Your Midweek Creativity Exercise

Moms, do you take time to be creative? To make something? Other than your bed, everyone's breakfast, the kids' lunches, and an unholy fuss about everyone else's problems, that is. Sometimes I feel as if I stopped making things after I made these little humans (no easy task, but still, not an excuse). 

I know, I know. Personal projects feel frivolous. Crafts are for mothers; perfecting your craft is for everyone else. Who has the time when your time is no longer your time?

We regularly push ourselves to encourage creativity in our children while pushing our inner child out of the circle; she's not allowed to play. I've noticed, however, that the less I create, the less generous I am around my daughter. I'm more critical and controlling. My temper is shorter. I make a big deal out of the smallest messes. It's almost as if my inner child, neglected and needing attention, is resentful, so she throws a fit and hoards the paints.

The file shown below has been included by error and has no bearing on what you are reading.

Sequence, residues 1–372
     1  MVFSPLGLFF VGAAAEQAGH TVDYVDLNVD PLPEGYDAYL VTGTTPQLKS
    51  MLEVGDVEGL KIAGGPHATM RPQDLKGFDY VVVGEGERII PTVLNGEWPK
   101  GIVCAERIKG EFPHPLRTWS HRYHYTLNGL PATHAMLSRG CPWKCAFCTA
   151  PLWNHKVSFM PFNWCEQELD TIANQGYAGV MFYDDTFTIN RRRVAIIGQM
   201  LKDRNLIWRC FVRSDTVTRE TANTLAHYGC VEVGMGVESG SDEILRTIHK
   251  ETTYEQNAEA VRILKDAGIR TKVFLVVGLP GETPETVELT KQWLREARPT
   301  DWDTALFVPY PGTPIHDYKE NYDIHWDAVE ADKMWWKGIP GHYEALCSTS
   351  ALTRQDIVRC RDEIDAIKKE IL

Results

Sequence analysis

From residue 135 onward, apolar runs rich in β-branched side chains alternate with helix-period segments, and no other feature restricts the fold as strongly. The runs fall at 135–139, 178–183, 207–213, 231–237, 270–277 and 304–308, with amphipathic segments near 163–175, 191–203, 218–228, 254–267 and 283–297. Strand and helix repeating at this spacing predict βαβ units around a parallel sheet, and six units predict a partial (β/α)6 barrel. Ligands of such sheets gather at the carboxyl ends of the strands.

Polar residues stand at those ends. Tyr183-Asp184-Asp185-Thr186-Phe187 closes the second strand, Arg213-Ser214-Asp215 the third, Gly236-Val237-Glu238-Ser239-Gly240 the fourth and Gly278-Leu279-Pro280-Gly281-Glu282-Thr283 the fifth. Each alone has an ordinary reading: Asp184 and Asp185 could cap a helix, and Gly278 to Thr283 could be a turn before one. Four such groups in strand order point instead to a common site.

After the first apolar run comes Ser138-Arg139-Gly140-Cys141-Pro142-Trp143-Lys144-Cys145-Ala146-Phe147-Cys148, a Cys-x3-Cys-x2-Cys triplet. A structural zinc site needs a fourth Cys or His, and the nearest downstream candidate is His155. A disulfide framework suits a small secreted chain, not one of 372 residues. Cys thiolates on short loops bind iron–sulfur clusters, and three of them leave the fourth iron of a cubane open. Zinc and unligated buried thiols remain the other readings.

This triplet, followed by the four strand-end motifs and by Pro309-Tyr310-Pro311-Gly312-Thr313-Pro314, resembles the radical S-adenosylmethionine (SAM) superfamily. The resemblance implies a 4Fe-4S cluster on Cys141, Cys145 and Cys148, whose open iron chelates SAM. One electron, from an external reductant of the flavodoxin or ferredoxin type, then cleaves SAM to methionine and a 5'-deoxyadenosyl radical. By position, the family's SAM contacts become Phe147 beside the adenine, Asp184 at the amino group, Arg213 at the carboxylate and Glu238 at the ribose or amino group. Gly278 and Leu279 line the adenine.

I'm trying to be better at this. I still don't really have the time, but the wonderful thing about creativity exercises like the one below is that they actually work better when you sneak them into your day. The constraints (ex. write 10 words, on your wrist, while on a bus, standing up) make you more creative. For perfectionists like me, the time constraint doesn't let you get bogged down by the process or the planning. From the onset, you accept that your output will be far from perfect. But that doesn't mean it can't be beautiful, insightful, profound, or at the very least, therapeutic. 

(Video by: Austin Kleon)

Inspired by this post by Austin Kleon, from which the video above was taken, here's what I came up with. I grabbed the first magazine (we haven't had a newspaper at home since the start of the millennium) I found and just began. It's amazing how it began to take shape the more words I crossed out. What I thought I wanted it to be about would not work, but the finished product is somehow more meaningful to me.

And I only had to ask my toddler to wait once.